Hoyheim recipient of Golden Knights "Golden Baton"

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The Army's official parachute demonstration team, Golden Knights, presented the Golden Baton award to Sgt. Kari Hoyheim following their demonstration jump at the Stephen D. Shannon Athletic Complex on Sunday, Aug. 23. (Press photo by Bruce Thein)

By Caroline Rosacker

The Army's official parachute demonstration team, Golden Knights, presented the Golden Baton award to Sgt. Kari Hoyheim of Guttenberg following their demonstration jump at the Stephen D. Shannon Athletic Complex on Sunday, Aug. 23.  

The Golden Baton award is a solid mahogany baton that is passed in mid-air between members of the team during their free-fall, and is awarded to deserving Army veterans at the conclusion of each show. 

"For the United States Army Parachute Team, the Golden Knights, the baton is a representation of the advancement of the sport of freefall parachuting," explained Sgt. First Class Mike Koch. "It first serves as a reminder of the first two jumpers to pass a baton in freefall in 1958. This event was momentous because it proved that jumpers could make contact with each other during freefall, a task which at that time was thought to be impossible. This pushed the sport of freefall parachuting to a new level.  The baton is also symbolic to the Golden Knights. The eight sides of the baton represent the eight pieces of individual equipment a jumper must wear. The baton is awarded to recipients as a sign of our appreciation and in recognition of those individuals who have provided a great service to their community and to the Armed Forces."

The Army Golden Knights history dates back to 1959 when Gen. Joseph Stillwell formed the Strategic Army Corps Parachute competition team at Fort Bragg, N.C. 

The Team participates in events around the world and has dominated in numerous international sport parachuting competitions, winning more than 408 national championships, 65 world championships, and 14 national and six world team titles in formation skydiving.

Sgt. Kari Hoyheim

Officer Kari Hoyheim served her country as a member of the armed forces for 17 years. She was deployed to Iraq for one year, and assisted the 389th Combat Engineer Battalion out of Dubuque as a Combat Medic/Medical Specialist. "I am Army – Army leads the way! My dad was in the Army, and I enlisted because of him. My older brother Darren was also in the Army," shared the Golden Baton recipient. "I was totally surprised when I was handed the Golden Baton Award. I originally thought, when they tapped me on the shoulder, that my presence was requested because there was a police matter. I never even bothered listening to what was being said over the loudspeaker. I was focused on doing my job."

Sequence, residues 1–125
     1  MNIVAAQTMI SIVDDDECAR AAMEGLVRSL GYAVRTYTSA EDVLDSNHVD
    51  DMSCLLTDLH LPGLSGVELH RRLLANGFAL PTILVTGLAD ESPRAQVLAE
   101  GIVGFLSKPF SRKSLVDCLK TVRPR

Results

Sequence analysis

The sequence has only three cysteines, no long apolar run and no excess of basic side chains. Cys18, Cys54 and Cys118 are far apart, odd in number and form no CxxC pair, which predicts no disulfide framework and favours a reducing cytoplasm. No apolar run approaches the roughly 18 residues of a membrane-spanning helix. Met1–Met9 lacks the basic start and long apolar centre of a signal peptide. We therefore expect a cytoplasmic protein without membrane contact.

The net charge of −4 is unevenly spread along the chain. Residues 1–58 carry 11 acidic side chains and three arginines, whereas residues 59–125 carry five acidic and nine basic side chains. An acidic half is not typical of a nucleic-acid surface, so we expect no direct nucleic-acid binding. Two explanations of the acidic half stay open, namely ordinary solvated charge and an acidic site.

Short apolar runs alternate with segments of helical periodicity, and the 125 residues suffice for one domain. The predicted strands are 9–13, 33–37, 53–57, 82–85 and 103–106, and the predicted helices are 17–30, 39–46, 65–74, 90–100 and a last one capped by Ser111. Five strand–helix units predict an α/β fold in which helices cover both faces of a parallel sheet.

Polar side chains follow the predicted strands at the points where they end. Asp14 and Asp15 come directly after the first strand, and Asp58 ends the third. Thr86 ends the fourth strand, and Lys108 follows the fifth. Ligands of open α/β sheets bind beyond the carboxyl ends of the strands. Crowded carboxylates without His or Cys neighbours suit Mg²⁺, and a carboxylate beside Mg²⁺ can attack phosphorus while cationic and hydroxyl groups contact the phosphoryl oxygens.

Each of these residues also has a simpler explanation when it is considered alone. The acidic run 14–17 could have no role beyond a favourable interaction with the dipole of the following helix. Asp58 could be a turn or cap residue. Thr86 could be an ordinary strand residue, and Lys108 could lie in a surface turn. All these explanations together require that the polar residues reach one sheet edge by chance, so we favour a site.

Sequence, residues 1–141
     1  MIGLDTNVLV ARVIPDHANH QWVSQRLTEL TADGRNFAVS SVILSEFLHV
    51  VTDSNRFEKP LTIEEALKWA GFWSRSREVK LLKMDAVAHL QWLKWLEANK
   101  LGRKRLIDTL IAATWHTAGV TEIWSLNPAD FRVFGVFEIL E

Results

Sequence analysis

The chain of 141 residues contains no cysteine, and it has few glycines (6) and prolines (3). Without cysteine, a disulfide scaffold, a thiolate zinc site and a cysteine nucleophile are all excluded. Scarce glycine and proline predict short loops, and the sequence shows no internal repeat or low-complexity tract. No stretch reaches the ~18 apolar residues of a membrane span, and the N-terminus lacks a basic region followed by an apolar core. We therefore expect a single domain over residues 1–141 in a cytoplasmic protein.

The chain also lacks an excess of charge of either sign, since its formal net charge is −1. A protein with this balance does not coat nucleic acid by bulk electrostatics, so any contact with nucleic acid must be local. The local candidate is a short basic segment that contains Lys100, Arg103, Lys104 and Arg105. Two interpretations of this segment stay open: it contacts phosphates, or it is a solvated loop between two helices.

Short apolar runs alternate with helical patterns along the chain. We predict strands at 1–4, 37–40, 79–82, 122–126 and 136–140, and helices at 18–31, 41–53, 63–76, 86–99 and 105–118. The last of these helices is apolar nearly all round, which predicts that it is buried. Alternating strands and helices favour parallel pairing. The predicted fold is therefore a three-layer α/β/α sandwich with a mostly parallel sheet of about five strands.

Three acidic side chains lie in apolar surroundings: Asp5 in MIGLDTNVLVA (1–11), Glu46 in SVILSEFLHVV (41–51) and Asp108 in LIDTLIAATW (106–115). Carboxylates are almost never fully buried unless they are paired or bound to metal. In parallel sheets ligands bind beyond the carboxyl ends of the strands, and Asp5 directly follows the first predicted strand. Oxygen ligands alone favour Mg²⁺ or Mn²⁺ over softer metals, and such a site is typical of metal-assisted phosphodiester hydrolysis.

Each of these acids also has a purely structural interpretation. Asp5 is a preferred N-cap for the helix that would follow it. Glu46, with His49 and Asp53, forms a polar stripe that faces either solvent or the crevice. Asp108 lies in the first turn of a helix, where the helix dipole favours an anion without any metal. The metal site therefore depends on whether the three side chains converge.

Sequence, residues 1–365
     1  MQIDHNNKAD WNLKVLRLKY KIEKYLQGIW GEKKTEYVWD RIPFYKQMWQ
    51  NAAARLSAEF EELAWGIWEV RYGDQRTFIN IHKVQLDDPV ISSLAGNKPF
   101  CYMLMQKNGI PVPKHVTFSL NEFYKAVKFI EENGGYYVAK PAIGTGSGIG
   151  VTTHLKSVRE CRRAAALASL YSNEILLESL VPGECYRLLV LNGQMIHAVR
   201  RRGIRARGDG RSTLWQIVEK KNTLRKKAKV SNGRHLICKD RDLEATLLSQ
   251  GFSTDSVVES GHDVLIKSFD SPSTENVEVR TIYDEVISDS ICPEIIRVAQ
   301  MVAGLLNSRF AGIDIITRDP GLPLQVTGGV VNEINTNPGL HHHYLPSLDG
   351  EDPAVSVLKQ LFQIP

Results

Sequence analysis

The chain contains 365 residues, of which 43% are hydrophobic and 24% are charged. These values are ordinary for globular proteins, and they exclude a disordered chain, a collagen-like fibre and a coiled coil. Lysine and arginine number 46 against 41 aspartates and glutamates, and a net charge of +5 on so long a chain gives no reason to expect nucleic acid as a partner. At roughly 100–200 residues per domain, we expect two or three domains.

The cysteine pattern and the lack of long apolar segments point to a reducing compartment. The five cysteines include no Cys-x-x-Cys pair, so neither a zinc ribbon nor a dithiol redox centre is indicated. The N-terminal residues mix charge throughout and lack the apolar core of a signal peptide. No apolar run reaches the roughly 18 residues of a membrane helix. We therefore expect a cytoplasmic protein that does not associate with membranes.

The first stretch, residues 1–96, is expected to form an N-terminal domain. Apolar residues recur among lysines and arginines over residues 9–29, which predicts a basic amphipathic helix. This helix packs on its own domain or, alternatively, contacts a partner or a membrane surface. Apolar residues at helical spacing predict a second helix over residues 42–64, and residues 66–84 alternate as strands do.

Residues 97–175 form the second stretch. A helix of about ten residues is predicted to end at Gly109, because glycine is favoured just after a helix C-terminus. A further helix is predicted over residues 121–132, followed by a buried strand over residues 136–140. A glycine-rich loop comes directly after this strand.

Officer Hoyheim's trustworthy, dedicated service with the police department, and her additional duties with Clayton County's Sexual Assault Response Team (SART) has earned the community's admiration and respect. "When I realized I was being handed an award my first thought was how many more veterans there were that should be receiving the Golden Baton," the humble officer shared. "I am not from here. There are plenty of other veterans that were more deserving." 

Event security was at the top of Officer Hoyheim's agenda. "Law enforcement from the county and State Patrol were on hand as well as the fire department on the ground and in the water." She noted. "Several off-duty officers including deputies and troopers were at the event and we had UTV's and some golf carts on hand for any emergencies. My training as a combat medic had me on high alert for possible heat-related injuries. Our ambulance was there ready to go."

Hoyheim's fellow officers ensured her presence at the event with an added surprise. "I had an unexpected family event that coincided with the Golden Knights show. Chief Morteo turned down my request to take the day off." She recalled, "On the day of the event Perry Mason, sales manager for Radio Dubuque, said, 'You're with me.'"

After receiving her Golden Baton Officer Hoyheim was greeted by two of the women she served with in Iraq. She commented, "Two of the gals I served with in Iraq showed up. When I was walking back toward the crowd I was told we couldn't let people on the track. At some point Denise Schneider, City Manager, said, 'Hey Hazel Wench!' I had not been called that outside my Army family. I knew immediately that someone was there."

Officer Eric Sullivan had done some investigative work to locate Hoyheim's fellow soldiers. "Eric started snooping – and going back and forth to get them to come. Christina, aka 'Tank,' is a nurse manager for Mercy Health Care Systems in Dubuque, and Rachael, aka 'Midget,' is studying to become a nurse. I lived with these women for a year – there is no greater love than my Army family. I was floored! Officer Sullivan covered the rest of the day so I could hang out with my 'Army Peeps.'" 

Disdain of police officers is an unfortunate reality in 2020. "Right now military recruitment is huge. It blows me away that the Army Golden Knights are coming to small communities. Our size makes it much more special. I am extremely honored to receive this award," she said with gratitude.

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